Giuseppe Rumerio archive
Thursday 11 June 2009
Ruth Jindal takes a closer look at the incredible works of UNIKAs master-carverError loading Partial View script (file: ~/Views/MacroPartials/cwsGalleryImages.cshtml)
Woodcarving readers have been visiting the annual UNIKA exhibition of carving, and we have featured highlights from the shows so that those of us who are unable to get to the Tyrol, can appreciate the exceptional carvings on display. Among the many gifted carvers working there, Giuseppe Rumerio stands out as one of the world's greatest animal sculptors working in wood.
Master carverHidden away in a quiet corner of Ortisei - the home of the superb UNIKA exhibition - Giuseppe's studio is a shrine to his art and his fascination with nature. While being best known for his animal carvings, Giuseppe also has a breathtaking back catalogue of sacred carvings, studies of women - including the sculptural and beautiful supermodel Naomi Campbell - and a wide range of equally intriguing work.
Carving in the region of Val Gardena is a 300-year-old tradition and ever since moving there from the Swiss border at the age of five, Giuseppe has been constantly enthused by the matchless work that is carved in the high Italian Alps. Giuseppe started carving at the age of 14 when he became an apprentice carver. Now aged 59, he is a master-carver whose works are awarded the UNIKA marque to show that they have been carved solely by hand.
InspirationInspired both by the traditional carvings and the magnificent nature that surrounded him he says, "My first inspiration was nature, it now gives me all the inspiration for my works - particularly animals, but I also like to carve human beings. Some of my works are commissioned, other carvings not - I create them for the personal challenge and because I like it!"
However Giuseppe has no 'one-size-fits-all' approach to his commissions. Rather he begins with a fresh approach to each new piece of work. "Each sculpture, while I am working on it, is a big challenge for me - I have no particular memory while working on it, each sculpture has to be studied before starting on it. I refer to books, pictures and most of all directly from nature."
Giuseppe's carvings all share a dynamic, animated quality that demonstrates his ability to harness the characteristics of his subject. "Artistic ability is very important; the ability to draw helps you already in advance to create a beautiful art piece. Historically, the French animal sculptors of about 1800 are the ones I most like."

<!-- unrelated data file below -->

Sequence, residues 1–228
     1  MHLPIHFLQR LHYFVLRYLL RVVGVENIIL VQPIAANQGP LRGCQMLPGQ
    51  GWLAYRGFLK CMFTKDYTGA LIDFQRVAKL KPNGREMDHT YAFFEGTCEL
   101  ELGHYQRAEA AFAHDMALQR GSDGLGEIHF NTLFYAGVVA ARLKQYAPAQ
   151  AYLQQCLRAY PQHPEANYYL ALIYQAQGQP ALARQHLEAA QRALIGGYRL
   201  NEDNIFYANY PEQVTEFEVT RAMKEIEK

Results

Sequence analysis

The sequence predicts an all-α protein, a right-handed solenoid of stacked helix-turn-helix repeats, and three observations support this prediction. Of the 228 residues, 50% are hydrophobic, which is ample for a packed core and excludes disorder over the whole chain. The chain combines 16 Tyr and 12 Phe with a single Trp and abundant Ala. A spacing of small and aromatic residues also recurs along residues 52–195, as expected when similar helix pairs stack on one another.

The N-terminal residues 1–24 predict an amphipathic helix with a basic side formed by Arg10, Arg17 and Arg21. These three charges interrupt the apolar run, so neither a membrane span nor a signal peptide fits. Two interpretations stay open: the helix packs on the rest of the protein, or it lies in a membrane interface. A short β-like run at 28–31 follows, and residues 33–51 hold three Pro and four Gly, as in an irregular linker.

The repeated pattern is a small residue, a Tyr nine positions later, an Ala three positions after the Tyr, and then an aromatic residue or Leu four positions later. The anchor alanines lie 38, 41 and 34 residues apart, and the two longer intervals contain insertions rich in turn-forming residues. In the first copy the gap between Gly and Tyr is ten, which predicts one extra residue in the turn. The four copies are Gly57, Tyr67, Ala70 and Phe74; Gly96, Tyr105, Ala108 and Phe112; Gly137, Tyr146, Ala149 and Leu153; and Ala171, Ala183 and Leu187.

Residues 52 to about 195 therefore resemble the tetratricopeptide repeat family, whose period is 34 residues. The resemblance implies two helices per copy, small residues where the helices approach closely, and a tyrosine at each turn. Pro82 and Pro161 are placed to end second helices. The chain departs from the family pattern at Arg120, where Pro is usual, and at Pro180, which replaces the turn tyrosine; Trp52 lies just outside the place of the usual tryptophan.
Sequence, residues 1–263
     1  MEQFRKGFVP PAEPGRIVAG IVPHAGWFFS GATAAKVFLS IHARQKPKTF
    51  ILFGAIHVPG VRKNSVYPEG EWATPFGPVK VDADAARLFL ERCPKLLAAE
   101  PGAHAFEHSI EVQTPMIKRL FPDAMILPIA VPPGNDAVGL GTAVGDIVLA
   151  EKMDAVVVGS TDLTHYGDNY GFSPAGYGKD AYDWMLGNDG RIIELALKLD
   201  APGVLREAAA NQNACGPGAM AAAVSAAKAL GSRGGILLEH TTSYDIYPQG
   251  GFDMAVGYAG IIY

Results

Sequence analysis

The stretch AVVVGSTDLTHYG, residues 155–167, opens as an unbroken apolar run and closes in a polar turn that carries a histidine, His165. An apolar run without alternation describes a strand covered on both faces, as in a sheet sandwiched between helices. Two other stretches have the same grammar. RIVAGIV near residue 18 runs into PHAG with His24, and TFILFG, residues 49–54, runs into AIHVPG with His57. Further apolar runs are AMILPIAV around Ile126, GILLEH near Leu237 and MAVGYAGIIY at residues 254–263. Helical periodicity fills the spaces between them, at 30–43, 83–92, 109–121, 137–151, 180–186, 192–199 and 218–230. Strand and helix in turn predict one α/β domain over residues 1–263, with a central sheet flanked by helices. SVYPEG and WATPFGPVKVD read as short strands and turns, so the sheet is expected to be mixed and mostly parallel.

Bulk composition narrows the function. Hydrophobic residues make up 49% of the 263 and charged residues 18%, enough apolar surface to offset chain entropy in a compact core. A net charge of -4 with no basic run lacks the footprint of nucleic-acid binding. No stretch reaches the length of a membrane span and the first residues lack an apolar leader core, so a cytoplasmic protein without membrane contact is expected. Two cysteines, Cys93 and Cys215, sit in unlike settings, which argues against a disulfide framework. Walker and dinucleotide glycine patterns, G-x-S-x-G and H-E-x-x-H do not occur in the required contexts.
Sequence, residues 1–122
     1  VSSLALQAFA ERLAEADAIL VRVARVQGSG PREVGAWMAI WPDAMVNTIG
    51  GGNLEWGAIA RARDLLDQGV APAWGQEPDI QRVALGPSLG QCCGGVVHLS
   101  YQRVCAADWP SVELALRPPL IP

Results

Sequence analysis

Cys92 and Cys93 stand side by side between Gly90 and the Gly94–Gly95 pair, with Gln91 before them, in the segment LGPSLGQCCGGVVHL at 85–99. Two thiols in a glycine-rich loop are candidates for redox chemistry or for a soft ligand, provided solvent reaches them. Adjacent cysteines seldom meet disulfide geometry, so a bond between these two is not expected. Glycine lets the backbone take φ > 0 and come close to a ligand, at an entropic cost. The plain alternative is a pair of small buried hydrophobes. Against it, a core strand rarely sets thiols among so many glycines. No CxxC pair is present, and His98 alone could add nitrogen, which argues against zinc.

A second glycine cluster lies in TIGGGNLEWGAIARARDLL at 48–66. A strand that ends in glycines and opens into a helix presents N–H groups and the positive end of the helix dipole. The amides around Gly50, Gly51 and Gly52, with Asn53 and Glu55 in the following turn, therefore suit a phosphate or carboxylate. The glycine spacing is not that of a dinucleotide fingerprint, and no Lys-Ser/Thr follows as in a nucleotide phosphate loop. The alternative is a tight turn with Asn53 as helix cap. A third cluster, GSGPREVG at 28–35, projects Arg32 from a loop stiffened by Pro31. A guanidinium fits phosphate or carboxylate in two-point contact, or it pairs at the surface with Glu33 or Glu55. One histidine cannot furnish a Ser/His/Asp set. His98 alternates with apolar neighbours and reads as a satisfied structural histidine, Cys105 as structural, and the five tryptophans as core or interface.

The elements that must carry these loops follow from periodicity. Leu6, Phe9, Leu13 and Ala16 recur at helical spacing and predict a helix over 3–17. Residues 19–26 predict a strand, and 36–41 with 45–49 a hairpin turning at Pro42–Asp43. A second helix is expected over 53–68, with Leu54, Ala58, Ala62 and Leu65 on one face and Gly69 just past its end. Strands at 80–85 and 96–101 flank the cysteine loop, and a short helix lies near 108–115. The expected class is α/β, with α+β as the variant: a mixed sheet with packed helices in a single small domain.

CommunityGiving an insight into his working practice he reveals, "I tend to work on several sculptures at once, it depends on the commissions, but sometimes I stop for a while on a sculpture, so it is easier to see the mistakes on it." There must be few mistakes because he is much in demand for his work. He says, "I get my commissions through email, through my homepage and most of the commissions are from old clients, loving my works."
He enjoys living in such a large carvers' community, "We are not rivals; each one has a different carving style and different works. I also have to say that it is much more difficult to get orders because the competition is bigger. The quality of the works is higher."
The ideal carvingThough Giuseppe himself started as an apprentice carver he has none at present. He says, "A few years ago I had some apprentices. Now I work alone and I like it, because I have more concentration." Even so, he is concerned about the continuing tradition of the region's carving, "For young carvers it is very difficult to get their own style, you have to try a lot till you are able to find your own way and your own subject matter."
Pine wood is Giuseppe's favourite medium for carving, though he pronounces almost each wood as ideal to carve. The most important aspect for him is the authenticity of the hand carving, "Now the carvers are not so much anymore because sculptures can also be carved by machine, but this is an industrial work, not intricate like mine."
He is currently working on carving dogs for the UNIKA exhibition this autumn but says that his ideal commission would be a group of life-size elks. "If possible I would like to carve them in Canada, to copy them from nature. Canada has always been a big attraction for me, even if I have never had the chance to go there. I love the nature, the animals and the big areas with the quiet style of life of Canada. I think it would be ideal to concentrate while creating my art pieces. I have been teaching in Iceland for a few years - perhaps I might also get the opportunity to teach in Canada."
Warming to the idea, Giuseppe announces, "If I weren't a carver I would like to be a hunter in Canada."